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Latino Lawmakers To Immigrants 'Get Ready' for Executive Action

Democratic Caucus Chair Xavier Becerra advised undocumented immigrants who may qualify for executive action to look past the ongoing debate in Congress and do one thing: "Prepárense" (Get Ready).

The Congress is at loggerheads over President Barack Obama’s executive action and that is holding up renewed funding of the very agency whose workers will accept and process applications for those wanting protection from deportation. That agency’s funding runs out Feb. 27. But ignore the Washington noise, said Becerra, D-Calif., and other Congressional Hispanic Caucus members, and get ready.

Lawmakers advised immigrants to get their documentation together and find out what it takes to be eligible for the expanded Deferred Action for Childhood Arrivals, or DACA, and for Deferred Action for Parents of Americans and Lawful Residents, DAPA.

The two programs, made possible through executive action, shield certain immigrants here illegally from deportation for three years and allows them to work or study.

“Prepárense, prepárense (Get ready, get ready) because the opportunity that the president of the U.S. made possible is coming,” Becerra said.

That direction was dispensed even though there is some fear that people won’t apply because they are afraid to reveal they are in the country illegally, as well as worries that the protection from deportation provided by Obama's executive action may disappear.

Rep. Luis Gutierrez, D-Illinois, looking haggard from crisscrossing the country to help stage training and preparation events, brushed off the possibility that the GOP's attempt to block the executive actions from going into effect would keep people from applying.

“Our community is used to a Congress of the United States that’s always stonewalled progress toward their inclusion in the American Dream,” Gutierrez said.

Gutierrez held up a packet released by the office of Rep. Steny Hoyer, the House minority whip, encouraging members to hold community events and prepare constituents to apply for expanded DACA and DAPA during next week’s “district work period,” when Congress will be in recess, as well as during future district work periods in March and May. The federal government is expected to begin accepting applications for DAPA in mid-May.

In the memo, House Democrats are encouraged to train “family defenders” who will help applicants and answer their questions about eligibility and the process. They also are provided sample press releases, talking points and fact sheets in English and Spanish.

Gutierrez said the Hoyer memo marks the first time he has seen such a packet on immigration issued by the Democratic leadership in the 23 years he’s been in Congress.

“You know that many times I would put these events together and you would see a group of Democrats and maybe some Republicans with me. But you would never see the full faith and energy of the Democratic Caucus behind us,” Gutierrez said. “I think you see” such support for this.

A memo from House Minority Whip Steny Hoyer encourages Democrats to train "family defenders" to help immigrant families apply for DACA and DAPA and answer questions on eligibility.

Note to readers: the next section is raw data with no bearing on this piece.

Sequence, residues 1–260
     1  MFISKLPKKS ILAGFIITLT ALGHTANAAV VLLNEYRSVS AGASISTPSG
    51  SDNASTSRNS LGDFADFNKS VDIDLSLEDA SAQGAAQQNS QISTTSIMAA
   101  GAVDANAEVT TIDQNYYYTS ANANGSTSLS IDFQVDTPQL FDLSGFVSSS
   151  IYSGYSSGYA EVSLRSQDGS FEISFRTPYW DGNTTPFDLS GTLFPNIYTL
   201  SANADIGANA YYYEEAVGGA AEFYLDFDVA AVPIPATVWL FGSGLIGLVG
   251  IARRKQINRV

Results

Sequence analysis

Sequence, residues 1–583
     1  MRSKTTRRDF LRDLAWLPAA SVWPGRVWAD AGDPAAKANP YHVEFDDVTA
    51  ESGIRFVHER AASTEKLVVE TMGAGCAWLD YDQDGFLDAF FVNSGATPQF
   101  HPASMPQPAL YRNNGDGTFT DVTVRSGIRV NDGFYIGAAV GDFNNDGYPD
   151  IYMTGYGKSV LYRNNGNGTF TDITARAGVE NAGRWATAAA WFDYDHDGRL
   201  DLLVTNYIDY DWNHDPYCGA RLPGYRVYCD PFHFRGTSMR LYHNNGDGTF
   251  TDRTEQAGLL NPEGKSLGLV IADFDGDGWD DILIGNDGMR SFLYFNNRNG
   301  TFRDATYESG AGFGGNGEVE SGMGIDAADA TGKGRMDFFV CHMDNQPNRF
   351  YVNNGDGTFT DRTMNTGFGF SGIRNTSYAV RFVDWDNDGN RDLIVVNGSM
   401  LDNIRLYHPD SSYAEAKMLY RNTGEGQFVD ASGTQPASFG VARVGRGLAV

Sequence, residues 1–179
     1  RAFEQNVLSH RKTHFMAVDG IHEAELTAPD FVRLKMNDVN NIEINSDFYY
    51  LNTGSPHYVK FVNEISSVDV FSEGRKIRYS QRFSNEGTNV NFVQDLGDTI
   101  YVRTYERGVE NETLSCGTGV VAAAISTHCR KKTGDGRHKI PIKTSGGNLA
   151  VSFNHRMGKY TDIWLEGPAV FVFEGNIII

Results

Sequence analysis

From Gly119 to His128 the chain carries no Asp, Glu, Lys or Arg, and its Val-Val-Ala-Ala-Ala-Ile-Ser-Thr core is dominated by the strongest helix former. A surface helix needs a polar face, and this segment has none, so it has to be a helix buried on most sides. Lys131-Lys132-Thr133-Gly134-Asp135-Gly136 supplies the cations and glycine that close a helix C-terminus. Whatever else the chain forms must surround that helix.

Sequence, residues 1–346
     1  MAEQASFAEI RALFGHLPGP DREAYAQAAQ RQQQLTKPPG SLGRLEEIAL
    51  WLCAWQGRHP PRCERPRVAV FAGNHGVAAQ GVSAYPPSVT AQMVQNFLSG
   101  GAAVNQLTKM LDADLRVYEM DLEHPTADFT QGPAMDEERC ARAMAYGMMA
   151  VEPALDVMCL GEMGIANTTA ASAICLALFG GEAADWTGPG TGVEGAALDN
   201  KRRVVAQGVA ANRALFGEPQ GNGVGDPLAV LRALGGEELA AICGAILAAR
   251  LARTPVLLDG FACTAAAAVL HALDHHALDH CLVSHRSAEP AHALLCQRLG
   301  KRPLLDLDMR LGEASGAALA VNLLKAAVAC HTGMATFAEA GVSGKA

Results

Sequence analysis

So far, it appears only a handful of members and most of them Latino, black or Asian American House Democrats, have held events, according to a list obtained by NBC Latino. The list showed less than half a dozen events held and another 15 planned. The list was not comprehensive and did not include appearances by members at events held or organized by nonprofit groups.

“Our office has provided the district work period packet to all House Democratic offices and encourages all members to hold an event if they are able to in the coming months,” said Mariel Saez, a spokeswoman for Hoyer, D-Md. She said Hoyer plans to hold a session in his district, but has not set a date.

House Minority Leader Nancy Pelosi, D-Calif., accused Republicans in a news conference Friday of “anti-immigrant” grandstanding and called on the GOP to pass a Department of Homeland Security funding bill without amendments blocking Obama’s executive action.

“Leader Pelosi and the House Democratic leadership are encouraging members to do events,” said Jorge Aguilar, a spokesman for Pelosi. He said Pelosi plans an event in San Francisco and is working with the mayor’s office on that.

Image: Luis Gutierrez, Loretta Sanchez
Rep. Loretta Sanchez, D-Calif., joined at left by Rep. Luis Gutierrez, D-Ill., and others, responds to questions during a Congressional Hispanic Caucus news conference on their efforts to implement President Barack Obama's immigration executive action to delay deportations of immigrant children, Friday, Feb. 13, 2015, on Capitol Hill in Washington. (AP Photo/J. Scott Applewhite)J. Scott Applewhite / AP

Rep. Loretta Sanchez, D-Calif., said she was approached on the House floor daily by members asking how to hold sessions. She said a good 90 percent have personally talked to her about how to hold forums.

She emphasized the importance of such assistance going beyond the Congressional Hispanic Caucus because the executive actions affect more than Latino immigrants.

Her own southern California district is not only home to many Latino immigrants, but also has the largest Vietnamese population outside of Vietnam and includes Ukranians and Russians.

On the Republican side, Rep. Carlos Curbelo of Florida, who is not a member of the Congressional Hispanic Caucus, has been handing out a pamphlet with dates and locations of informational sessions being held by Citizenship and Immigration Services, said spokesman Alex Cisneros.

Spokesman Keith Fernandez said Rep. Ileana Ros-Lehtinen, R-Fla., has not held an event to assist immigrants and does not plan one.

A press aide for Rep. Mario Diaz-Balart did not respond to requests for comment Friday.